|Stock Photo saved from C&G Newspapers|
One of his responsibilities was the store windows and displays. In the 1960's, most businesses had huge front windows where they proudly displayed all their finest new inventory, creatively arranged in the windows to entice customers into the store to see what else they might have to offer. A store's front windows might be the only advertising that the business could afford so a business used this space wisely. My Dad loved this part of his job and he was really good at it. He took a great deal of pride in his work. The Mitzelfeld's had installed black and white striped awnings over the front windows to protect the merchandise from fading as the sun's rays brightly filtered through the glass on sunny day. In the winter, it was most often too gray and the sun too low in the sky to effect the displays. As spring approached, the sun rose higher in the sky each day, it would once again become a concern for my Dad. So Dad would take a drive to work to open the awnings to protect the merchandise in the windows.
|Sidewalk Sales at Mitzelfeld's 1967 - looking south - note the lowered awnings.|
|Sidewalk Sales at Mitzelfeld's in 1967 looking north|
In the weeks just before Easter in 1962, one bright sunny Sunday afternoon, Dad bundled up the the three oldest girls and off to Rochester we went to open the awnings. While we were at the store, Dad instructed us to go look at a specific rack of dresses and pick one dress out for Easter. He would buy them for us the next day when he came to work. Mom usually made our dresses for Easter but with the new baby, Mark and now four girls to make dresses for, she just did not have the time this year. This was likely the first time that I got to pick out something for myself...and my last, for that matter, at least for a while. As Pam and Sue were looking at "the rack" of dresses, I drifted to a different rack. And as you have probably guess, I found a dress that I absolutely loved. I am excited beyond measure, I have the dress in hand and hurry off to show Dad the most beautiful dress in the world.
"I want this one, Dad! It is so beautiful, it is my favorite!", I proclaim to him as he reenters the store after lowering the awnings
"Did you get it off the rack I told you to get it from?" he asked with a look of doubt in his eye.
"I think so.." I said
He gave me the look and said, "Go put it back and find one off the rack that your sisters are looking at"
"BUT DAD!" I cried "I have to have this dress!"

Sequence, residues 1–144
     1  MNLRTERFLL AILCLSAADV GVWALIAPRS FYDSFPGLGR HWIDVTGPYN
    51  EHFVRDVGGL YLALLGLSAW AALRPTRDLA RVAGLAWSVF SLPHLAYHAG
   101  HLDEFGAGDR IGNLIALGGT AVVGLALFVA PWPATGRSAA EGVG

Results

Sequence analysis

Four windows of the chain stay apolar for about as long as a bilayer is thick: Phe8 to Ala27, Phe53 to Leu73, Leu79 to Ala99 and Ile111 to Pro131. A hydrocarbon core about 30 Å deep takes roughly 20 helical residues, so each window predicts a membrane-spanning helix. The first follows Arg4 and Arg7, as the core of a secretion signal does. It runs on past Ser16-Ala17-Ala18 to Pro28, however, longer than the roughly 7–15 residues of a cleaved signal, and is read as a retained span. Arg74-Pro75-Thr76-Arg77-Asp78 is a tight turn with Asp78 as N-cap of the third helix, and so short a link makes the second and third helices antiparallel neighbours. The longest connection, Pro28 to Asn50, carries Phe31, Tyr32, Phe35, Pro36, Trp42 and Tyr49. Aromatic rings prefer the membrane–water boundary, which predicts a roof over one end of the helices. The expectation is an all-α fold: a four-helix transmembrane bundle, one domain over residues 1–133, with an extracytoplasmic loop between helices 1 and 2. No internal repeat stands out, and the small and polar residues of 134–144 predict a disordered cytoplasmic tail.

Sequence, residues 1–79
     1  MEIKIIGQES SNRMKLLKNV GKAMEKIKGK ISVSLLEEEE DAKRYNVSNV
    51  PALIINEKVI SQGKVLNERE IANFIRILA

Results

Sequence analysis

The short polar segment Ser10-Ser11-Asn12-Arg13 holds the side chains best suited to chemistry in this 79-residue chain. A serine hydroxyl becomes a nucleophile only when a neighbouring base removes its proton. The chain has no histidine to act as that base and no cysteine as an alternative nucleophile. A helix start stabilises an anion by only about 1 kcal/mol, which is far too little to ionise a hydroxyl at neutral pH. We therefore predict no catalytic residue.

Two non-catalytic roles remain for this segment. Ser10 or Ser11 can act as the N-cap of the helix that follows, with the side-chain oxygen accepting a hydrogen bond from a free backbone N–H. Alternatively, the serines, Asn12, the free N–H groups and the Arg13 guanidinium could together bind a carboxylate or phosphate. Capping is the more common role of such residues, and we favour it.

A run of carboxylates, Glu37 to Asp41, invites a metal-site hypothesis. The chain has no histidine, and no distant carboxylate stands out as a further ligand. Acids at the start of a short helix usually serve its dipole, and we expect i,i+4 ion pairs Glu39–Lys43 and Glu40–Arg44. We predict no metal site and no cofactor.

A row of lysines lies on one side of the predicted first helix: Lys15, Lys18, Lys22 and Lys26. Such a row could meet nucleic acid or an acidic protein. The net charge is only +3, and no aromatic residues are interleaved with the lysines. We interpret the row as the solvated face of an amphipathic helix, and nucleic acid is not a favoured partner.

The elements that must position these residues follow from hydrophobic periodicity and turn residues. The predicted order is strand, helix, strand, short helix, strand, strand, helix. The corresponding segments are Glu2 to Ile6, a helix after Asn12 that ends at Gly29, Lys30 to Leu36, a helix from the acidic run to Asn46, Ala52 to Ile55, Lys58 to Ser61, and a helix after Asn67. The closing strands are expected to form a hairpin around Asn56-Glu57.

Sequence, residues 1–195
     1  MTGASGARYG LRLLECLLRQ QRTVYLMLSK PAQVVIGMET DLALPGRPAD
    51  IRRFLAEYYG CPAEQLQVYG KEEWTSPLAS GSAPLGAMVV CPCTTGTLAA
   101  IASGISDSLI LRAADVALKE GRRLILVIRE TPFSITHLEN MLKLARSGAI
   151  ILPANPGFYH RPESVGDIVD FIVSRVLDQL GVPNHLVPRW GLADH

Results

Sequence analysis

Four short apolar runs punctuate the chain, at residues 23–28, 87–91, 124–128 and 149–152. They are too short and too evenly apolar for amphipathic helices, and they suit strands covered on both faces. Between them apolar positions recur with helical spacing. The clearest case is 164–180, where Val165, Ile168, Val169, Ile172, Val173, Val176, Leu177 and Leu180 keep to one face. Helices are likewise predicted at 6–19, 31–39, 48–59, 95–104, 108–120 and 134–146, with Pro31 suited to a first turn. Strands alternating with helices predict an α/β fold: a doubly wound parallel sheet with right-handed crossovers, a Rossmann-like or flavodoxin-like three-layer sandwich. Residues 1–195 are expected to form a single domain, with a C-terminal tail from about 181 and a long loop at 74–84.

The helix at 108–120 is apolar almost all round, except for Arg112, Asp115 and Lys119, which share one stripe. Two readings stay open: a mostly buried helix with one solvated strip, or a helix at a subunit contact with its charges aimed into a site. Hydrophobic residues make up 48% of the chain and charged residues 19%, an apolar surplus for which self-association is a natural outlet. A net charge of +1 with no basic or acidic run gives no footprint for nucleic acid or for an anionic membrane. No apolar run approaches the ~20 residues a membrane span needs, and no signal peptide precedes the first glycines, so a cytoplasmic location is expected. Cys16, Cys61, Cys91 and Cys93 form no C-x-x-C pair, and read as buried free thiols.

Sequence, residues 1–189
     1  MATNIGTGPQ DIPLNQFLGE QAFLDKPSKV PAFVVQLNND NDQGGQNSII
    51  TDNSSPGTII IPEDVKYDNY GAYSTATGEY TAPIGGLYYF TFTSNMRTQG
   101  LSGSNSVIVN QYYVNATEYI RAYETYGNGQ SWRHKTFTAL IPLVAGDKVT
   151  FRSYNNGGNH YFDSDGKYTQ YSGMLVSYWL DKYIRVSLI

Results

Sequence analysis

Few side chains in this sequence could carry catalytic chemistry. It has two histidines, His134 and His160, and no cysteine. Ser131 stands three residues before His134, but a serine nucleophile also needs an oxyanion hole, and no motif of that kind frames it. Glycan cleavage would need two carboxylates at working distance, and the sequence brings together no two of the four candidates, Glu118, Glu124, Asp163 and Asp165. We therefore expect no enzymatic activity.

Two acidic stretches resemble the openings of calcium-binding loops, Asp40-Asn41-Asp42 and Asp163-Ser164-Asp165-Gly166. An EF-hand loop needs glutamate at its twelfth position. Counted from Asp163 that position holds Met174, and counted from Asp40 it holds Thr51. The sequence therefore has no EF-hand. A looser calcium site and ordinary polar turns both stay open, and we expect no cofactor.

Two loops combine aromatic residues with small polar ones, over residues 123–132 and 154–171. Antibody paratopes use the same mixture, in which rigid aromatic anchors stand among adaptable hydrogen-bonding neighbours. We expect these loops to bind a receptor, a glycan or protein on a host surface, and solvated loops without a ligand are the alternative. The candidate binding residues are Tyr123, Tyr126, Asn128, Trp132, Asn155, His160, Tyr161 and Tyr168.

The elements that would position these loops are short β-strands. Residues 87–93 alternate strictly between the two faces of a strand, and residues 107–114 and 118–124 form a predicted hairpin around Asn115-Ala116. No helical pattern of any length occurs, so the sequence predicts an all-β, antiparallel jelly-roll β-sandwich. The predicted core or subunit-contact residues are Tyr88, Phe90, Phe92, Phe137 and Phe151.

I carried on for the next ten or fifteen minutes about the dress I wanted and eventually, someone else picked out a dress for me. I cried and pouted the whole trip home. I just could not understand why I could not have that dress. As we pulled into the driveway and Dad put the car in park, he turned and looked at me sternly as I sat in the back seat.
" Janet, I just can not afford to buy you a dress that costs that much. If I buy you one then I have to buy your sister's one so that means four dresses and I just do not have the money for it. I can afford to buy you dresses from the other rack. I am sorry.", he said.
( This is the first and only time in my life that I remember my Dad ever talking about what we could or could not afford.)
"I want you to sit down with your Mother and learn how to sew. If you do that, you will be able to make a dress that pretty for yourself!" He told me.
"And I will buy you the fabric." He added "... all the fabric, that you want..." And he did until the day he died...34 years later.
I did sit down with Mom and learn to sew. So did all of my sisters. Before he knew it he was scrambling to find sewing machines so we would stop fighting over whose turn it was to sew on Mom's machine...It was a good thing that the boys came along when they did because Mom no longer had much time to sew. We would not let her anyway. Mom's machine and Grandma Smith's machine were being used almost constantly by three teenagers. Sharon learned to sew about the time that the second sewing machine showed up so then four of us shared two machines.
I sew every week on something or another...when I do, I fondly think of my Dad for encouraging me to learn to sew and of my Mom for patiently teaching me!
Love you Dad and Mom. Happy Easter...